Dietary alpha-linolenic acid is associated with reduced risk of fatal coronary heart disease, but increased prostate cancer risk: a meta-analysis.

Auteur(s) :
Katan MB., Zock PL., Brouwer IA.
Date :
Avr, 2004
Source(s) :
JOURNAL OF NUTRITION. #134:4 p919-922
Adresse :
Wageningen Centre for Food Sciences, Wageningen, the Netherlands. ingeborg.brouwer@wur.nl

Sommaire de l'article

The objective of this meta-analysis was to estimate quantitatively the associations between intake of alpha-linolenic acid [ALA, the (n-3) fatty acid in vegetable oils], mortality from heart disease, and the occurrence of prostate cancer in observational studies. We identified 5 prospective cohort studies that reported intake of ALA and mortality from heart disease. We also reviewed data from 3 clinical trials on ALA intake and heart disease. In addition, we identified 9 cohort and case-control studies that reported on the association between ALA intake or blood levels and incidence or prevalence of prostate cancer. We combined risk estimates across studies using a random-effects model. High ALA intake was associated with reduced risk of fatal heart disease in prospective cohort studies (combined relative risk 0.79, 95% CI 0.60-1.04). Three open-label trials also indicated that ALA may protect against heart disease. However, epidemiologic studies also showed an increased risk of prostate cancer in men with a high intake or blood level of ALA (combined relative risk 1.70; 95% CI 1.12-2.58). This meta-analysis shows that consumption of ALA might reduce heart disease mortality. However, the association between high intake of ALA and prostate cancer is of concern and warrants further study.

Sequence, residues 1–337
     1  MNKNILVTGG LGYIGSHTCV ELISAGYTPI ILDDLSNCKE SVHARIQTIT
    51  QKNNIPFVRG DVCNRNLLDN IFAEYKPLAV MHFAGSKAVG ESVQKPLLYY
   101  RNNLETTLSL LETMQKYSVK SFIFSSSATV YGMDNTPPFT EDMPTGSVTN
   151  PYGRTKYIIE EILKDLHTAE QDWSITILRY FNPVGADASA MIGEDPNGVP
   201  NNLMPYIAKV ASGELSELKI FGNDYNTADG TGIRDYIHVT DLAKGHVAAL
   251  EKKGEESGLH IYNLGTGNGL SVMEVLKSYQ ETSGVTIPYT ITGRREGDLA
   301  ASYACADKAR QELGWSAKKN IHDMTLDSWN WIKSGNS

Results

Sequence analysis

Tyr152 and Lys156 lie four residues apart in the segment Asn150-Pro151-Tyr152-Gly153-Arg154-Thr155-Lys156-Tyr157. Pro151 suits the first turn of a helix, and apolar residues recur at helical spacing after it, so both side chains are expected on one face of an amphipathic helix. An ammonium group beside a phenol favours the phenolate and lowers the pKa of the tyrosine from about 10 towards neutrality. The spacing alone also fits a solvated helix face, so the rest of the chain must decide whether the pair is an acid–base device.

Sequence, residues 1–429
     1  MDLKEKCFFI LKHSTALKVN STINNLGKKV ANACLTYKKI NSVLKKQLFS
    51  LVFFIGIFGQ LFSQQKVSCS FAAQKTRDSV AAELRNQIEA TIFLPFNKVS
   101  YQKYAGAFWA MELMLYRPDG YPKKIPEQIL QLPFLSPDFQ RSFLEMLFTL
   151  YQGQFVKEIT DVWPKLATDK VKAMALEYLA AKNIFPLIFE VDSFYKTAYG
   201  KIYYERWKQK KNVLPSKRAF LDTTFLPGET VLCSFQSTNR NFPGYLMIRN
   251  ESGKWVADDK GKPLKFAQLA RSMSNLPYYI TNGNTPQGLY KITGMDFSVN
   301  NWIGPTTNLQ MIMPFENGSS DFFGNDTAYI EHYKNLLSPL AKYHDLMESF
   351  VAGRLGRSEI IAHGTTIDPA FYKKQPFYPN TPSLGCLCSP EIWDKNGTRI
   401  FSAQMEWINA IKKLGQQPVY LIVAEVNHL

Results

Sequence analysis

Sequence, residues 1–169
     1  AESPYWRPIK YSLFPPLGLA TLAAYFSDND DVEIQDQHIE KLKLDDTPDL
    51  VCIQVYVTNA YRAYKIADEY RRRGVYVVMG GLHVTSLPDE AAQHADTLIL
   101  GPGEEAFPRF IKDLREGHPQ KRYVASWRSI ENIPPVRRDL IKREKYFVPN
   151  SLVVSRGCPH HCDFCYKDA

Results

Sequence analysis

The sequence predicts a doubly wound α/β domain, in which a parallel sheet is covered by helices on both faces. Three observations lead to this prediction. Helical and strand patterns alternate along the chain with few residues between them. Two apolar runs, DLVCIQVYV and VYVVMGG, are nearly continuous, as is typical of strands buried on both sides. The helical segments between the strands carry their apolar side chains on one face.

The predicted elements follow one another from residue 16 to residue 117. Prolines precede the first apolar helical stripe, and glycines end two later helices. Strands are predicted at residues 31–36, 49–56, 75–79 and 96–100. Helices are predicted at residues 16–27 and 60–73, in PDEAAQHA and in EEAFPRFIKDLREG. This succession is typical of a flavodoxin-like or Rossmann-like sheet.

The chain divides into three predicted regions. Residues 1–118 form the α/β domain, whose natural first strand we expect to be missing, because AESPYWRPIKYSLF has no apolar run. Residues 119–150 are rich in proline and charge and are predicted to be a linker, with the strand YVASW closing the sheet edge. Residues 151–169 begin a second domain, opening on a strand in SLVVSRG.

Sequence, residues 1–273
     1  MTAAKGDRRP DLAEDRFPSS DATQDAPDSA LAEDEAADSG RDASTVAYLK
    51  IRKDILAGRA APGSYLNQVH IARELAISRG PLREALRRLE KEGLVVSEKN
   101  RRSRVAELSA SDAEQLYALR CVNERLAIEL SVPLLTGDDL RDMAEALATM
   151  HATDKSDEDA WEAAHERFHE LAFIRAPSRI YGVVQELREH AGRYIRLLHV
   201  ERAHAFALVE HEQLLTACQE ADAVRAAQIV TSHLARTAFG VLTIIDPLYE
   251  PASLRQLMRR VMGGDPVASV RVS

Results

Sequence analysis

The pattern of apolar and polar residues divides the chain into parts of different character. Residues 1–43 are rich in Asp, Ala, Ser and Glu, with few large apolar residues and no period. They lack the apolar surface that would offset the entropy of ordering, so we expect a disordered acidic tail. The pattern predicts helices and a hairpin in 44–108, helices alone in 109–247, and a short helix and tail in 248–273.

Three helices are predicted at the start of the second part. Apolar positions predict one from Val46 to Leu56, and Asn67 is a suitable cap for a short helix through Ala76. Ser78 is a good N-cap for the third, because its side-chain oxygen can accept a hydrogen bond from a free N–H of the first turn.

Publication Types:
Meta-Analysis

Source : Pubmed
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